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Plaster Sanctification
 

I have called pietism a scab, a suppuration of the best juices of the spirit... Pietism is ... the born and sworn enemy of true scientific thinking... The madness of pietism lies in the peculiarity of its interest in religion... The pietist is religious as if religion is his trade, the pietist is he who goes around professing his religion, the pietist is the man who smells for religion... A pietist must be a hypocrite... (Friedrich Theodor Vischer)

What’s wrong with pietism? And is it the same thing as piety? I suspect maybe it is not, and this would help explain something otherwise highly ironic about this passage. For Vischer himself no doubt had a pious attachment of sorts to the scholarly tradition of the Tübingen School to which he belonged. And so do I. Was he, then, a hypocrite, as he says a pietist must be?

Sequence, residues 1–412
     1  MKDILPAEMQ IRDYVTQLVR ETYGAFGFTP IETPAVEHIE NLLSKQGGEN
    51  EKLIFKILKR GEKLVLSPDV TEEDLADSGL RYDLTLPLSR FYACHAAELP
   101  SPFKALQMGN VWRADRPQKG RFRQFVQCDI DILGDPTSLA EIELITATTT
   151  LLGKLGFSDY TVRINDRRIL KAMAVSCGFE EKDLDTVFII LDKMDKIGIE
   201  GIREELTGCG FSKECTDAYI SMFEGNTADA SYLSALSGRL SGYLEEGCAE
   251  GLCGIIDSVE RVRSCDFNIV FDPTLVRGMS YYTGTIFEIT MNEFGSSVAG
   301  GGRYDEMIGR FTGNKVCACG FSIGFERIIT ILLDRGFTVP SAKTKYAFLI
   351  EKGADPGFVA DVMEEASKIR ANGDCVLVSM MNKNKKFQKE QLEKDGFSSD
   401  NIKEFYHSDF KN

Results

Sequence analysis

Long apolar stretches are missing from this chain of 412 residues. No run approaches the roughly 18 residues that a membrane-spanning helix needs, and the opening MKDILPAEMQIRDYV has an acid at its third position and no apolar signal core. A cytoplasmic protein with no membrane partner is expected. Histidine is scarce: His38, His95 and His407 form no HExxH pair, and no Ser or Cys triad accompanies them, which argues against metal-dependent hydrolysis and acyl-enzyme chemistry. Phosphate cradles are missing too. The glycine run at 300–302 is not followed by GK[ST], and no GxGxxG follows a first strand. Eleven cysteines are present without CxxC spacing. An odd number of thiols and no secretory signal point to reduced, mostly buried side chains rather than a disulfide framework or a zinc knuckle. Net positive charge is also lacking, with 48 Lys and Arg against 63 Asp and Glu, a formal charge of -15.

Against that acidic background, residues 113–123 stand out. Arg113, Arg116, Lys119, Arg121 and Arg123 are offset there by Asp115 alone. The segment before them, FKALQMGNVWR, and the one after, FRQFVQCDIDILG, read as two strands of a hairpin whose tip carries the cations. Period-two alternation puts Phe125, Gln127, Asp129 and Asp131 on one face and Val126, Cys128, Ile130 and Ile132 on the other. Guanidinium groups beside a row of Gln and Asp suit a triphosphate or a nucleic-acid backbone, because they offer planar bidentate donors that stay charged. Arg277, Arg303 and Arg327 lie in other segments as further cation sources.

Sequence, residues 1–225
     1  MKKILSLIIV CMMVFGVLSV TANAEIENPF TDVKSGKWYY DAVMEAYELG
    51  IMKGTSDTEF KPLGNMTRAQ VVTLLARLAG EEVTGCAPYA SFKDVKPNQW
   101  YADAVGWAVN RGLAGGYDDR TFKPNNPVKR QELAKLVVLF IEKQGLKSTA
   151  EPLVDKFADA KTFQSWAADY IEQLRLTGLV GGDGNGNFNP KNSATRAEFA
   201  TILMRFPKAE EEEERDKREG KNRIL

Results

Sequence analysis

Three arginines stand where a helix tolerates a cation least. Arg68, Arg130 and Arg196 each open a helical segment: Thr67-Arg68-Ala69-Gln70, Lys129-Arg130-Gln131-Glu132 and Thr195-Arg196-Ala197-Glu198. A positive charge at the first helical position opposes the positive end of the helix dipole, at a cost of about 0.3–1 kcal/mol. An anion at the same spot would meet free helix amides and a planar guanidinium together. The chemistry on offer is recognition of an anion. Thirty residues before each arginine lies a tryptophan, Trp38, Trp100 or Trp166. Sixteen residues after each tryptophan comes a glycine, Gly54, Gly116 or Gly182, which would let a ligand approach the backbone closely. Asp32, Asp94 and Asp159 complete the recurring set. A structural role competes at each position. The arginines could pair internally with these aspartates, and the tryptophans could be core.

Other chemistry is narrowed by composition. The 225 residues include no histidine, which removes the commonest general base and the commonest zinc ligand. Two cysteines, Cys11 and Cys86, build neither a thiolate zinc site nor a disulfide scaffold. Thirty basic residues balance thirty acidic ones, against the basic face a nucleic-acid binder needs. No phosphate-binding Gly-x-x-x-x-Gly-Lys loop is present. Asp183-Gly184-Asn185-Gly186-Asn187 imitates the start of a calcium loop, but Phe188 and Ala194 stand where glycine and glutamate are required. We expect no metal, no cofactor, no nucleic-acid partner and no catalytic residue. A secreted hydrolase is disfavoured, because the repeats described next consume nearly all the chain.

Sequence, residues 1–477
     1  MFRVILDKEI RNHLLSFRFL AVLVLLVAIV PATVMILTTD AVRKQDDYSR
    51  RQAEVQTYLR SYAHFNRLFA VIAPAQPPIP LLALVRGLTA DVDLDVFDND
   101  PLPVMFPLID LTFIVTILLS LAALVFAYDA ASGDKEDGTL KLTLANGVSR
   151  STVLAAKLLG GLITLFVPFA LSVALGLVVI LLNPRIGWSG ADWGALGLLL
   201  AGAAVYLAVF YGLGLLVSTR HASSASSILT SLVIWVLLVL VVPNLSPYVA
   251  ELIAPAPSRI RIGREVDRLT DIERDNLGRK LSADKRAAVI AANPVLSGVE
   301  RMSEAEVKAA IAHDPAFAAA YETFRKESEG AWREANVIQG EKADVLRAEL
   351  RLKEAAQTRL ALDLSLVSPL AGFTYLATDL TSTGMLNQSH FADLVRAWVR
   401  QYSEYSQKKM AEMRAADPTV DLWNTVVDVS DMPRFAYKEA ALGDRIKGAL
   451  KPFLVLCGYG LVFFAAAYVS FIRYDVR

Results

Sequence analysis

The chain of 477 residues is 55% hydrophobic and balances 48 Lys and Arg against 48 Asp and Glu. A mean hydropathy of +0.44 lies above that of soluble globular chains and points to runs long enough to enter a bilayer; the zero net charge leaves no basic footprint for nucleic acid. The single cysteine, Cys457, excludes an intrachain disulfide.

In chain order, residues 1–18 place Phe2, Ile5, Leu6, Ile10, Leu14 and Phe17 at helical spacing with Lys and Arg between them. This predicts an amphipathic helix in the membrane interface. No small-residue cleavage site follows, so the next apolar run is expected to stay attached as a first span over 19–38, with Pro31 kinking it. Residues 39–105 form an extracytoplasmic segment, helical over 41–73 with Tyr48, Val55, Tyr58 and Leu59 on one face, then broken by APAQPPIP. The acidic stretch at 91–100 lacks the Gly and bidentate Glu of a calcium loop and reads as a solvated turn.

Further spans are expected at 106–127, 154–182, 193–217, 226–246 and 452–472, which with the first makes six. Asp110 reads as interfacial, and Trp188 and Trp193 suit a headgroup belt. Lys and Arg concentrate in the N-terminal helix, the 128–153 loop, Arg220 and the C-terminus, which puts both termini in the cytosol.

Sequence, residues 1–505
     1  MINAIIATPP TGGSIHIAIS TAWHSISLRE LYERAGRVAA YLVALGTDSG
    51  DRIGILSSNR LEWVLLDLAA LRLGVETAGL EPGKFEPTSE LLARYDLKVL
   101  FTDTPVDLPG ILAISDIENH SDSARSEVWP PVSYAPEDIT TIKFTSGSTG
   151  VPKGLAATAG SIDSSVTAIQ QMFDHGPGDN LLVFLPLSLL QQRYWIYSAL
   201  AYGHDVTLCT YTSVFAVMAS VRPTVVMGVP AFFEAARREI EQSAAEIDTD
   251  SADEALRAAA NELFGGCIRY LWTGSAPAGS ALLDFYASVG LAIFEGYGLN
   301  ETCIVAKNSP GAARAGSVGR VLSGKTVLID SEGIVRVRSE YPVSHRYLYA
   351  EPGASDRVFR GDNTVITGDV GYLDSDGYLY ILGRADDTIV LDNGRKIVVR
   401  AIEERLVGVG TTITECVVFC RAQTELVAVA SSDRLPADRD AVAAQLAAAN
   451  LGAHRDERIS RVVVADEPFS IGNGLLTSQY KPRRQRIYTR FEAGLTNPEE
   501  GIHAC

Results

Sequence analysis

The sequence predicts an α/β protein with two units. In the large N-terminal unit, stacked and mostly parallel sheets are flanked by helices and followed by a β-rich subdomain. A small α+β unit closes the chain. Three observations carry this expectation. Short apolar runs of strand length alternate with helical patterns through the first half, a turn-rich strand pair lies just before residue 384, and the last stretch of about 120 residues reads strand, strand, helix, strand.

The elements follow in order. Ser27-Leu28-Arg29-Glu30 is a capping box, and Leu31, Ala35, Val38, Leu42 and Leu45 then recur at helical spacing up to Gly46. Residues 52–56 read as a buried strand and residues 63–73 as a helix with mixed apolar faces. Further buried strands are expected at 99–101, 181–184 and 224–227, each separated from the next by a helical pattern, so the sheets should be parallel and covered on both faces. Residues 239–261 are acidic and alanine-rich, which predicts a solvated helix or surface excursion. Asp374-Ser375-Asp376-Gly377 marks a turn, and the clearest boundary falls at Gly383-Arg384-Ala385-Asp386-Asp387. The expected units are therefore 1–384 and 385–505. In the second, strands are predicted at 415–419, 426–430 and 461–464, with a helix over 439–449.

First, what exactly is offensive about pietism? About pietists? The ones Vischer ran afoul of? Well, they must have sought in some way to stymie the critical study of scripture. They always do, and it is not hard to see why. “We must not criticize the scripture. We must allow it to criticize us! We dare not sit in judgment on the Word of God!”

Pietism is all about self-improvement by reference to a Higher Power. AA has direct roots in the Pietist movement and is a barely disguised version of it, precisely as TM is a barely secularized version of Vedanta Hinduism. If you laugh at Stuart Smalley, it is his sickening pietism you are laughing at. And that implies that pietism is a religiosity that lifts itself aloft, though that may not be very far off the ground, by means of slogans substituting for thought. And why? Because thought seems not to get you very far. So maybe chanting mantras will do it by self-hypnosis. For AA it may be “That’s stinkin’ thinkin’” or some such. For ecologists it’s talk about “the planet, man.” For Protestant pietists the slogans, the mantras, in short, the magic formulae are biblical “promises” of sanctification.

The Bible tells you you had better repent and improve yourself or face judgment. Christianity promises salvation from this prospect. Not by mere human effort, but by the grace of God. To effect this salvation, you must still do one crucial thing: you must call upon these promises. You must click on the icon. Because it is your faith in God’s power that will let that power loose.